Two things work very well in Jolly LLB 2. One is the screenplay’s focus on extra-judicial killings by the police. The other is the return of Saurabh Shukla as the earthy and eccentric judge, his plump feet planted firmly on the ground and his heart in the absolutely right position. Shukla’s Justice Sunderlal Tripathi was the most compelling character in Subhash Kapoor’s Jolly LLB (2013), and he remains the highlight of the sequel. Tripathi is an unlikely poster boy for the Indian judicial system – he proves that it works even when it appears not to.

The rest of the film, though, is about as absorbing as the court proceedings of a long-drawn out case. Despite its liberal and humanist values and attempts to create a convincing portrait of the workings of the Indian legal system, Jolly LLB 2 is frequently guilty of dramatic overreach. Like its predecessor, Jolly LLB 2 suffers from sluggish pacing, an uneven tone (farce one minute, pathos the next), ludicrous twists, preachiness and an unfailing tendency to play to the gallery.

Jolly LLB 2.

The formula that made Jolly LLB a hit in 2013 is regurgitated with a few tweaks. A no-good lawyer rises to the occasion after his conscience is pricked, and he moves heaven and earth for justice. His initial ineptitude makes him a near-pushover for the opposing fat-cat lawyer, but his good intentions, decency, and commitment to the truth win the day (along with shenanigans that are better suited to a Hindi movie than an actual courtroom).

Same plot, new circumstances, and a new cast. Akshay Kumar, who is currently in the middle of adding conscientious drama to his repertoire of action and comedy, plays the Jolly character previously portrayed by Arshad Warsi. Boman Irani’s smug advocate makes way for Annu Kapoor’s golf-playing barrister Mathur, who offers a rate card to clients alongside charging them for tea and airconditioning.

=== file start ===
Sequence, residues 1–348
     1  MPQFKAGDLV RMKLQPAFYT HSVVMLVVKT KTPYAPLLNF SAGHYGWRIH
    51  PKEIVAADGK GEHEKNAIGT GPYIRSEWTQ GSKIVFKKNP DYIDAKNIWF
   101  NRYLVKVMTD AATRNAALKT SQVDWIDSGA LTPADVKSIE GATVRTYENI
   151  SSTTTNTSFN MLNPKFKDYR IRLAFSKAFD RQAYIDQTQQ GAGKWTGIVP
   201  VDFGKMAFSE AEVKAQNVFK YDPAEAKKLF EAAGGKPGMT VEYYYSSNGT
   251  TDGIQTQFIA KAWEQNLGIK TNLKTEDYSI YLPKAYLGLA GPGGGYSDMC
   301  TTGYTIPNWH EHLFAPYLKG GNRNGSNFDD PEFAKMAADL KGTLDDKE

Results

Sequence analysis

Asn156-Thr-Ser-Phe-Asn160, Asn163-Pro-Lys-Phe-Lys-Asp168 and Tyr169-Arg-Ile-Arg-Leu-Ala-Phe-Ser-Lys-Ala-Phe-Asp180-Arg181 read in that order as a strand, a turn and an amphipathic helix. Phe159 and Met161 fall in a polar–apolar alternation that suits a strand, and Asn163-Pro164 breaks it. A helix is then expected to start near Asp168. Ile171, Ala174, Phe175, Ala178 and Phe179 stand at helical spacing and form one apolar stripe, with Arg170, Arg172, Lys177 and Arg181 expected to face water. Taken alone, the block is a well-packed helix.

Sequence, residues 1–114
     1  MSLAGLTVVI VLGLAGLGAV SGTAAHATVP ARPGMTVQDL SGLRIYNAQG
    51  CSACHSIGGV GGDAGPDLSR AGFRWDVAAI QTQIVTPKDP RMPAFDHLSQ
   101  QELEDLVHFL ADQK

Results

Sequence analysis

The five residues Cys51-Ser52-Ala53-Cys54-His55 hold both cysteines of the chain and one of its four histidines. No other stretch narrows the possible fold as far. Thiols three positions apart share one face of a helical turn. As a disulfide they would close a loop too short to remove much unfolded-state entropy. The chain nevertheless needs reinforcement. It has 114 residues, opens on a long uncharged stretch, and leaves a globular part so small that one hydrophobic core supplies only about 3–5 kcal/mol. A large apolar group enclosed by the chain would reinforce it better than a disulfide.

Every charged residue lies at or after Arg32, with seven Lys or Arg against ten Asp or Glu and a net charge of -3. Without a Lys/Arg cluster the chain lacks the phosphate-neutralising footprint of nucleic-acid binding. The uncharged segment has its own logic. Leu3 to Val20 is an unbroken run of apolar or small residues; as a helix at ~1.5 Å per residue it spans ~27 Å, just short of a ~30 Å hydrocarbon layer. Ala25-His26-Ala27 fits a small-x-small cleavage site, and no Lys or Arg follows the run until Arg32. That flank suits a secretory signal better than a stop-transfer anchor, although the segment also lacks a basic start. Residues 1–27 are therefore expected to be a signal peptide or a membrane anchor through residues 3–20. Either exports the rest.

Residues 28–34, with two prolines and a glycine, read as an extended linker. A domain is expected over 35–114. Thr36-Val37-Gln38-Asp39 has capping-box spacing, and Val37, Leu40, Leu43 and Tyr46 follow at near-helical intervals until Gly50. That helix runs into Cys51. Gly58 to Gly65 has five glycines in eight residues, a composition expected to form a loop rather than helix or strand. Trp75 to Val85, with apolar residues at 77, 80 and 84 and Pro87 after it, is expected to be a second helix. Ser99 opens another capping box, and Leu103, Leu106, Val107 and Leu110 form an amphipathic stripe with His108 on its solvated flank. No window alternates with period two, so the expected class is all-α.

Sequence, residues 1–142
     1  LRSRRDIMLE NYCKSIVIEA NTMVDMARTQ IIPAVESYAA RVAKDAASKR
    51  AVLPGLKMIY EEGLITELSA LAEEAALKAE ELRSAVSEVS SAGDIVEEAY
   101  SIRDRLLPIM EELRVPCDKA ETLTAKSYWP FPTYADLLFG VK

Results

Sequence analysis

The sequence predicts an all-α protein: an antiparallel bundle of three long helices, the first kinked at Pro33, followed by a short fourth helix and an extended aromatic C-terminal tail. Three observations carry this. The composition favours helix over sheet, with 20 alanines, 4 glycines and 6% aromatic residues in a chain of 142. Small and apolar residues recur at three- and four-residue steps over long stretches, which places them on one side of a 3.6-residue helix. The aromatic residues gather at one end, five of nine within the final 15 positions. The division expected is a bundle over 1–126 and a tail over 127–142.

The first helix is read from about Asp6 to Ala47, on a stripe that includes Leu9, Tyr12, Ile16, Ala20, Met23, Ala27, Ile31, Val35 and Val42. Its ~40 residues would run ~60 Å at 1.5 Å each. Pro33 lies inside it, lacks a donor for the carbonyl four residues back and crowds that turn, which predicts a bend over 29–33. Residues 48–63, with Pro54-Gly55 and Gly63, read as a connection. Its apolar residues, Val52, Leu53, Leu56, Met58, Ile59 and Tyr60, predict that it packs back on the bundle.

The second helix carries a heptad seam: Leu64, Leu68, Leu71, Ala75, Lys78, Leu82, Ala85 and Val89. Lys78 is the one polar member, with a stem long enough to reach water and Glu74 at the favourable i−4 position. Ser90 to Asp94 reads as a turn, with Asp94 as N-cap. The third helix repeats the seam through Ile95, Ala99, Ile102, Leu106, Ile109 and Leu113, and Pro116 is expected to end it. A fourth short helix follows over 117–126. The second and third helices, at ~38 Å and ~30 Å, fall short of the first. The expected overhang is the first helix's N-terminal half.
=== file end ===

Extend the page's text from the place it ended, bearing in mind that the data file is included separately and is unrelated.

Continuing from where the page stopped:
Jolly is the eighteenth assistant of one of Lucknow’s most respected legal minds. The son of a legal clerk, Jolly isn’t taken seriously, but the opportunity to redeem himself appears in the form of the pregnant Hina (Sayani Gupta). Her husband Iqbal (Manav Kaul) has been killed in a police encounter only because his name is the same as that of a Kashmiri terrorist. When Jolly files a public interest litigation demanding the indictment of police official Suryaveer Singh (Kumud Mishra), he seems to be biting off more than he can chew – especially when the police department hires Mathur to reduce the opposition to dust.

The contrivances begin early in a movie that has no shortage of them. Iqbal has been allowed to attend his nuptials and consummate his marriage before being murdered in cold blood the next morning. If Suryaveer Singh had wanted to kill Iqbal anyway, why did he allow him to attend his wedding in the first place? Was it only so that Hina could show up with a swollen belly? Would our hearts have not bled for her anyway?

In another ridiculous development, a witness is subjected to a narco-analysis test, whose results are taken at face value even though the procedure is not admissable as evidence in Indian courts (Bollywood, on the other hand, continues to believe in its veracity.)

Jolly’s wife Pushpa (Huma Qureshi), who exists in the movie only to prove that Lucknow women drink whisky and aspire to wear Gucci, justifies her presence by pointing out to Jolly a clue that he should have seen coming. Like the original Jolly, Akshay Kumar’s character doesn’t actually possess the legal smarts needed to win cases. But since he is a typical prodigal child of mainstream cinema, he wins by appealing to emotion. The cold logic of legal casework, which could be be dramatically rich in the right hands, is replaced by grandstanding aimed at evoking easy laughs.

The law can be an ass, and fiction often struggles to keep pace with fact in India. There’s a shorter, crisper and less-preachy legal satire nestled inside Jolly LLB 2, but such a satire cannot be delivered from the pulpit. Jolly LLB 2 is the kind of movie in which characters deliver punchy lines that draws whistles and applause from the screen characters, in the hope that the paying public will follow suit too.

To the credit of Kapoor and the marquee lead, Jolly retains his human dimensions. Akshay Kumar is typically endearing in his everyman role, and Annu Kapoor is suitably venal as his opponent, but both are defeated by Shukla’s Tripathi. The judge’s pragmatic definition of the law, unconventional courtroom behaviour, and no-nonsense attitude enliven the proceedings. In the case of Justice Sunderlal Tripathi versus the others, the defence and prosecution can both rest.